America goes all out for 4th of July celebrations. Sure, people are remembering that historic declaration on the fourth of July, 1776, but they’re also ready to enjoy a three-day weekend right in the middle of the summer. That usually means barbecues, parades, free concerts and fireworks. Whether you celebrate in a big city or a small town, you’ll get a true taste of what the Fourth means in these ten places.
It’s as if the National Mall - the three-kilometre-long lawn at the city’s heart - was built for fireworks displays, and this one has perhaps the biggest budget in the country. During the day you can watch grand military parades (including the army’s Old Guard Fife & Drum Corps in historic regalia) and graze at the Smithsonian Folklife Festival.
New York City
The legendary fireworks over Manhattan are set off from barges on the Hudson River as the famous skyline stands in silhouette under the show. Head to West Side Highway, which will be closed off to make way for crowds of spectators in the midtown area, or the waterfront around Battery Park City for spectacular views of the action. For VIP treatment, you can hop a cruise boat to eat, drink and dance the night away. During the day, don’t miss the hot dog eating contest at Coney Island, which is pure Americana though almost always won by a Japanese contestant.
For the best historic surrounds, America’s birth place can’t be beaten. Visit the Liberty Bell or Independence Hall, and once you’ve done your homework, hit the food vendors at the seven-block-long Party on the Parkway. Fireworks go off over the Philadelphia Museum of Art, while the country’s largest free concert features an eclectic mix of pop artists (this year it includes John Mayer, Neo and Philly locals The Roots).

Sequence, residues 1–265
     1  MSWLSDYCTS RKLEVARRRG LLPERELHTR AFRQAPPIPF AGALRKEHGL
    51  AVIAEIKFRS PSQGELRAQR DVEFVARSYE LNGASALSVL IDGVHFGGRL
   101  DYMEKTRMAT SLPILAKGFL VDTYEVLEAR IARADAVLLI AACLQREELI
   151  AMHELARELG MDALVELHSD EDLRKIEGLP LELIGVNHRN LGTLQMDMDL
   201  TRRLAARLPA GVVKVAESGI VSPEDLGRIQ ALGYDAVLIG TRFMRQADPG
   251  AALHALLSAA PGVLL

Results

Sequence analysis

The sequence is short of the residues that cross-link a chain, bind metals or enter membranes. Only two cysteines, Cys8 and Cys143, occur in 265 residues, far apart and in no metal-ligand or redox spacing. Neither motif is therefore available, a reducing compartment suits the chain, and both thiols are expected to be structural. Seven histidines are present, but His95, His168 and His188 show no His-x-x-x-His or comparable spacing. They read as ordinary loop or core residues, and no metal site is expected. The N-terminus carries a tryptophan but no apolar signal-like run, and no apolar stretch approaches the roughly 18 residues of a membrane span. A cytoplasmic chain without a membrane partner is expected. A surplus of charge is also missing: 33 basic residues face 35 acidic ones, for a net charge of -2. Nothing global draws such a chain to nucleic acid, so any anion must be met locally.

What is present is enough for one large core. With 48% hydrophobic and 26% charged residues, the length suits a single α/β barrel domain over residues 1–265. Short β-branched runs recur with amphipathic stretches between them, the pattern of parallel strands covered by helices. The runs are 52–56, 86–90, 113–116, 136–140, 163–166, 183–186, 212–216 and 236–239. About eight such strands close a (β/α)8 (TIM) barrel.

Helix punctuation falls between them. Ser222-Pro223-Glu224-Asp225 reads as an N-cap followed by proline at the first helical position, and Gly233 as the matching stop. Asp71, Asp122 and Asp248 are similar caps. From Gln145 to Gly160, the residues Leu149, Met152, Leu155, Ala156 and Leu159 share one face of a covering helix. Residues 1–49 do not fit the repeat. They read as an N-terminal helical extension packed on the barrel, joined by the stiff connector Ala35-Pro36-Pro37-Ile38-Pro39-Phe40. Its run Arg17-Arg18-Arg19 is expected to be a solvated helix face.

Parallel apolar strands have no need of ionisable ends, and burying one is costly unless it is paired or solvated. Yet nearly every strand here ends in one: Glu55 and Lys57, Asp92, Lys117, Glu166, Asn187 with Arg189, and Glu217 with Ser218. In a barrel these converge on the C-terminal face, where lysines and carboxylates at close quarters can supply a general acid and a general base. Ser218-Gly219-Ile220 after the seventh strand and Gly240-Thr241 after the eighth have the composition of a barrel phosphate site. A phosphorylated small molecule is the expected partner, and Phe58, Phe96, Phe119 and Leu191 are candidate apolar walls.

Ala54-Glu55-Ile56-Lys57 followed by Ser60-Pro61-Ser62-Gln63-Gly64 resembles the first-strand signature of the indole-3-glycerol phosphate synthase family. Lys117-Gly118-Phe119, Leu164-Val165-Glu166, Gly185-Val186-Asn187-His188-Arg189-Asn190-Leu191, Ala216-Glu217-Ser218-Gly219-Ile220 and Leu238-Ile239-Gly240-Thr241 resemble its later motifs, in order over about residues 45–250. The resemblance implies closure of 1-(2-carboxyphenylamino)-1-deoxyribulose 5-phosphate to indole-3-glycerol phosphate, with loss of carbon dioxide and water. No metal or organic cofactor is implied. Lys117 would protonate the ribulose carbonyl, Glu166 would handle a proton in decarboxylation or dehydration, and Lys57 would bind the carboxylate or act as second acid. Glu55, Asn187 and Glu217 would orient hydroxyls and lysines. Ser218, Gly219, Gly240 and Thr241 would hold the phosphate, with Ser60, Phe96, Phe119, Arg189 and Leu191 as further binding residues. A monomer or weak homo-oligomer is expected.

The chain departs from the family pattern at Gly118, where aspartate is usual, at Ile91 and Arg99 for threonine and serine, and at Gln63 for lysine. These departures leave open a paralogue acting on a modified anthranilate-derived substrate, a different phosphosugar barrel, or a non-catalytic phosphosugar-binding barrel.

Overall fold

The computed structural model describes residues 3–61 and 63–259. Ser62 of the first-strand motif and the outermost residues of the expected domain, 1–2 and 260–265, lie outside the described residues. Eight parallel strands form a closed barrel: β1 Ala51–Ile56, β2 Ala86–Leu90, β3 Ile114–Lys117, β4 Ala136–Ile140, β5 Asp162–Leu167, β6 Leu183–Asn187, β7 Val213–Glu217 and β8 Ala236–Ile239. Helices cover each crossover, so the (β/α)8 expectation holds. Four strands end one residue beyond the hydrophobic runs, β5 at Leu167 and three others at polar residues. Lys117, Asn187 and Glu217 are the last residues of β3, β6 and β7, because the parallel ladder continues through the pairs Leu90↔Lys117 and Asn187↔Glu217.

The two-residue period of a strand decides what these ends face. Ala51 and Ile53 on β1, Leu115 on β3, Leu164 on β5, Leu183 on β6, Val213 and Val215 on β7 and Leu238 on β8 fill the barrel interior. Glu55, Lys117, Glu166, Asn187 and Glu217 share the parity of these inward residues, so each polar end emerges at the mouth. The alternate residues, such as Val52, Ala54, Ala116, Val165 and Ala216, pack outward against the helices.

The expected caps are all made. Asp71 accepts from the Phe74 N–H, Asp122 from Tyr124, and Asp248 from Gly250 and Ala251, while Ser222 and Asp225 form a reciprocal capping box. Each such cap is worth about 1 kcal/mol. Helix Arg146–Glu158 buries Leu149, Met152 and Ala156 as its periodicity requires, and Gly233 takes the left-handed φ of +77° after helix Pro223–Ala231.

Another grand old American city with a grand old tradition: Boston anchors its celebration with a Boston Pops performance, culminating in a rendition of Tchaikovsky’s “1812 Overture,” complete with cannons, church bells and of course fireworks exploding over the Charles River.
This scenic coastal town just north of Boston offers a truly small-town American experience with flair. The daytime Marblehead Festival of Arts, which runs the whole weekend, sets the tone for creativity, at events like a sand sculpture contest and the Horribles Parade, a New England satirical tradition that features kids and pets in decorated wagons and bikes. Fireworks light up the bay after.
Just 20km from Dallas, this community of 15,000 is better known as “Kaboom! Town”, as its massive fireworks budget rivals that of major metropolises, and over half a million people come to watch the sky explode in color every year. Because of the vast crowds it’s best to park out of town and walk to see the display.
Bristol, Rhode Island
This small seaport claims the longest-running Fourth of July celebrations in the country, with a parade running every year since 1785. The place is so dedicated to the holiday that the center stripe down its main streets is painted red, white and blue, and the buildup to the Independence Day starts three weeks earlier, on Flag Day, with a whole series of pageants, parades and concerts—so you can get in the spirit of the Fourth before the big day arrives.
Key Biscayne, Florida
Just across the water from Miami, the town’s parade is a huge event, and the oldest of its kind in southern Florida—it’s been going for 54 years, and participants are motivated by the $1,000 prize for the best float. The parade shows off the community pride, and the fireworks are world class. (In fact, you can even cheat and watch them from Miami Beach.)
Who says you have to honor history with old traditions? The party capital of the West celebrates with just a bit more glitz than usual, with a performance and fireworks by the Las Vegas Philharmonic, while clubs host big-name DJs, drink specials and even topless pool parties. For more wholesome fun, head to nearby Boulder City for its Damboree, where you’ll find thrill rides, games and a pie-eating contest.
Madrid, New Mexico
This reclaimed ghost town, south of Santa Fe, stretches their parade along the main drag, and back again, just to make the festivities last 15 minutes. Madroids, as locals call themselves, roll up with whatever they’ve got: a fire truck, bicycles, old Cadillacs, a llama or two. This event may not be worth flying in for, but it’s typical of the celebratory spirit found in even the tiniest American towns on the Fourth of July—no matter where you land, you’ll find something special.
Zora O'Neill blogs at rovinggastronome.com and you can follow her on Twitter on @zora.